Limited liability partnerships (LLPs) and limited liability limited partnerships (LLLPs) have a lot of overlap in that they both provide greater liability protection for the partners involved, with LLLPs providing less liability protection for certain partners. If you expect to have many passive investors, one of the limited partnership options (LP, LLP, LLLP) is probably the best option here. The main benefit of a partnership is that the taxes on any profits or losses are 'passed through' to the individual owners and when they file their individual tax returns, they report the income there. This means more profits up front.

Entity Structure #3: Limited Liability Company
Limited Liability Companies (LLCs) and Professional Limited Liability Companies (PLLCs) are the intermediate step between a partnership and a corporation. They offer both the 'pass-through' taxation that is so beneficial in partnerships as well as the greater liability protection that exists in corporations. There are certain drawbacks to this, as these organizations are ' depending on jurisdictional law ' sometimes mandated to dissolve upon the death of a partner. PLLCs are a special form of LLCs for professionals such as doctors or dentists.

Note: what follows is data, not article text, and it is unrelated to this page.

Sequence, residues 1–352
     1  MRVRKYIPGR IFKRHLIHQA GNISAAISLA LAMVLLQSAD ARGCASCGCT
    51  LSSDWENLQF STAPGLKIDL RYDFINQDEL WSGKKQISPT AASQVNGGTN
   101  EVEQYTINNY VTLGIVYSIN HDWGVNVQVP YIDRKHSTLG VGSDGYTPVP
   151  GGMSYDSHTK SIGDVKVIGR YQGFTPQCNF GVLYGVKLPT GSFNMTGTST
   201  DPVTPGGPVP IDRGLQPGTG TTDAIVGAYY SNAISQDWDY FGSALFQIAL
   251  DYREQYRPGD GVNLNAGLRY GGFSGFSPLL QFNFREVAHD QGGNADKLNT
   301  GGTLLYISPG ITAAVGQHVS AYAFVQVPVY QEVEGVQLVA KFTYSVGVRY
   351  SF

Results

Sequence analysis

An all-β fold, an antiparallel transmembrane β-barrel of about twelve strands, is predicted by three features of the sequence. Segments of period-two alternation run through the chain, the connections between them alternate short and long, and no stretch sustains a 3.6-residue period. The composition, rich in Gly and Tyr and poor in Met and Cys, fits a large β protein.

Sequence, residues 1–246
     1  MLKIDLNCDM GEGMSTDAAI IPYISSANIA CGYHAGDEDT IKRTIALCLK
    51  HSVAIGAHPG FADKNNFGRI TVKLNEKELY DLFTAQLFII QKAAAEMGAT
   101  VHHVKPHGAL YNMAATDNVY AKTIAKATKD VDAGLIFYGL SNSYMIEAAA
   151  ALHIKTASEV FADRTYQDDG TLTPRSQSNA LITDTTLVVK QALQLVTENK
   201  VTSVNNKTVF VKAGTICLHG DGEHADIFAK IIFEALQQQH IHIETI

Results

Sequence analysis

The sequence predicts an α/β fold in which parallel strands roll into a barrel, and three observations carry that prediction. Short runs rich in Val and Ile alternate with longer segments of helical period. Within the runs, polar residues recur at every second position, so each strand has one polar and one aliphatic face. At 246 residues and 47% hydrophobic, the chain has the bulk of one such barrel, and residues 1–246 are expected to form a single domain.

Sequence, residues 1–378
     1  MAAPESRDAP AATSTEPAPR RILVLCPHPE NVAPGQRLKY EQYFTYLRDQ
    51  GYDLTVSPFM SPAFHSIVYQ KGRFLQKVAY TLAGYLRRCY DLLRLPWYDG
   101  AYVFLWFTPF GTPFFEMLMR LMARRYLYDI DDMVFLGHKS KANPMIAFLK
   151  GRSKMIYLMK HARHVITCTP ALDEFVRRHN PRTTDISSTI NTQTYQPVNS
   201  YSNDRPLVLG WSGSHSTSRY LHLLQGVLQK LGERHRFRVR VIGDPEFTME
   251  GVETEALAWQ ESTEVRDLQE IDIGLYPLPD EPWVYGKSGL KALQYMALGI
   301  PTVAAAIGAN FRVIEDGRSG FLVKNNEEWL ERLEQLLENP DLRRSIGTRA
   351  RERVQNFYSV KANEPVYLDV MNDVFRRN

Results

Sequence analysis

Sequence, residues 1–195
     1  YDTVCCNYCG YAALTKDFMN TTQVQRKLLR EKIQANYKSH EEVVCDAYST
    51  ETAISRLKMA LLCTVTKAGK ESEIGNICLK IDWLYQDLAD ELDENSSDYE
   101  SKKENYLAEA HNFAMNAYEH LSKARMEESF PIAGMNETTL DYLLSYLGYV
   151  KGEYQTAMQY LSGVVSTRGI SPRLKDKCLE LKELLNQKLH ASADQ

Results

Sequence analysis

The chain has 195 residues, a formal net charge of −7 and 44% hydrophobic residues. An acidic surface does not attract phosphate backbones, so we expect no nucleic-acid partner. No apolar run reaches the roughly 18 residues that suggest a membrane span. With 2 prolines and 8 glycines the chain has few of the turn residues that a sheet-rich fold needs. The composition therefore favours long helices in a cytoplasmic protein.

Entity Structure #4: Corporation
A corporation is the most complex form of business entity structure we have discussed so far, and as such, the most expensive to arrange. They are completely separate, legally speaking, from their investors. This engenders an incredible degree of protection in terms of liability for those who create the corporation, but also means that there is a greater number of tax and regulatory issues with which to deal.

Corporations are responsible for their own debts, and thus, the owners assume no risk to their own personal assets. The costs associated with a corporation are due largely to operations and taxes. The business operations involve a much heavier load of accounting and regulatory/compliance resolution, as they are incorporated within a certain state and must navigate the laws of that state. The burden of taxation on corporations is much higher because corporations must pay taxes, and the profits paid to shareholders are also taxed on their individual tax returns. Depending on the structure of the corporation, sometimes the individual taxation can be avoided by paying profits as salaries, as corporations are not required to pay taxes on profits dispensed as reasonable compensation, although these are muddy waters given how the Internal Revenue Service (IRS) defines 'reasonable,' and should be navigated with the help of a legal expert.